2-D Graphics, Video Editing, Audio, 3-D Graphics, Web Design

Cache

Essentially Cache makes your processor more efficient. The more cache, the more efficient the chip. The Cache sits there and spools the instructions and data through to the processor. Well designed apps and operating systems can run CPU intensive algorithms purely within cache, avoiding having to wait for new data to be loaded from RAM a particular concern on the AGP Graphics PowerMac G4 since this Mac has relatively slow RAM. To sum up: more cache = better.

The G4 AGP Graphics has a bunch of Processor Upgrades available including some Dual Processor Upgrades. It is worth noting that these upgrades require both OS 9 and OS 10.3.5 or later. Also some AGP Graphics machines aren't capable of running Dual Processors at all. Don't worry, there's a handy link on the product page for these upgrades that tells you how to check if your G4 is compatible.

For a full listing of compatible products see our PowerMac G4 AGP Graphics Upgrade Guide.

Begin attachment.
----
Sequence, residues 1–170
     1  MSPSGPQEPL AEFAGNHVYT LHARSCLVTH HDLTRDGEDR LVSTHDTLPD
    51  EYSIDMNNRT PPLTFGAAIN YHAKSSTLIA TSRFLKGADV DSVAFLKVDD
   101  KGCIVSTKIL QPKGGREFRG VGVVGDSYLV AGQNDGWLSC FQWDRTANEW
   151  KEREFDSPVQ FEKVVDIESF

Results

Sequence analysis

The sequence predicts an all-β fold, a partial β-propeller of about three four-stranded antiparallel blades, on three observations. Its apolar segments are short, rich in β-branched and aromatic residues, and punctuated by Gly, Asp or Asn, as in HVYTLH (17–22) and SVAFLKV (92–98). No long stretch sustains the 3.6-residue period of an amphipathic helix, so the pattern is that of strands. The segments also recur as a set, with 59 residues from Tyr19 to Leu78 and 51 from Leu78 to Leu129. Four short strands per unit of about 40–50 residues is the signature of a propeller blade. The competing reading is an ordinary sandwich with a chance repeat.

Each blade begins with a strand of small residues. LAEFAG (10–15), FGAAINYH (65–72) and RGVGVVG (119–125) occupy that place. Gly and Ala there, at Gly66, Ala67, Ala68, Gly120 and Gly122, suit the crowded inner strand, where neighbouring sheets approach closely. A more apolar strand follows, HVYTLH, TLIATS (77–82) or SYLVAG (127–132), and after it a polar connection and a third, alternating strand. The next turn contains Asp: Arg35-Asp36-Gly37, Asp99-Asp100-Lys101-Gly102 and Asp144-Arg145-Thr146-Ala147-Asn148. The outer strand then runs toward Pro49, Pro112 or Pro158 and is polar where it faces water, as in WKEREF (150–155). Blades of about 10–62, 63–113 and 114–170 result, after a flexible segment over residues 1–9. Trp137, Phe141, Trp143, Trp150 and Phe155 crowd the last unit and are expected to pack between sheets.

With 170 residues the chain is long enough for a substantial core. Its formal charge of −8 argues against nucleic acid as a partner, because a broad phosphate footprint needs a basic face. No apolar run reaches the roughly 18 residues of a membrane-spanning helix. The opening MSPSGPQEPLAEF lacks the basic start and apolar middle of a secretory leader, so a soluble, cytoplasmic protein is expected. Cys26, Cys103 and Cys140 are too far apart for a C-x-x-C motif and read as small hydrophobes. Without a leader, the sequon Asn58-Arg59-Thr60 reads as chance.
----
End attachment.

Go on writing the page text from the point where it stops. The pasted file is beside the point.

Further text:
Graphics Cards

The last key area to consider upgrading on your G4 AGP Graphics is the thing that gives it it's name - The Graphics Card. The 16MB 128 Rage card is a bit weedy now-a-days and the later versions of OS 10 demand a 32MB Graphics Card. There are only 2 options for the G4 AGP graphics both of which exceed the 32Mb requirement of 10.4 by some way.

The Radeon 9200 is a 128MB PCI based graphics card and so goes in alongside your 128 Rage card, the upshot of this is that you can now run to monitors simultaneously. The downside is that the PCI bus is not as quick as the AGP bus, and you may already be using its limited bandwidth for other peripherals. This card will run under OS9.2.2 on machines WITHOUT built-in gigabit ethernet (1000Mb/s network port). On Gigabit Ethernet PowerMacs, this card requires 10.2.8 or 10.3.3 or later. As this is a PCI card we would tend to recommended it as a second graphics card.

The Radeon 9800 is an 256MB AGP based graphics card, and would replace your ATI Rage 128 16MB card. The 9800 will only run in Mac OS 10.2.5 or later. It will allow you to attach DVI or VGA monitors to your Mac, and also has an S-Video output.

So there we have it, the G4 AGP Graphics, a highly upgradeable Mac.

For a full listing of compatible products see our PowerMac G4 AGP Graphics Upgrade Guide.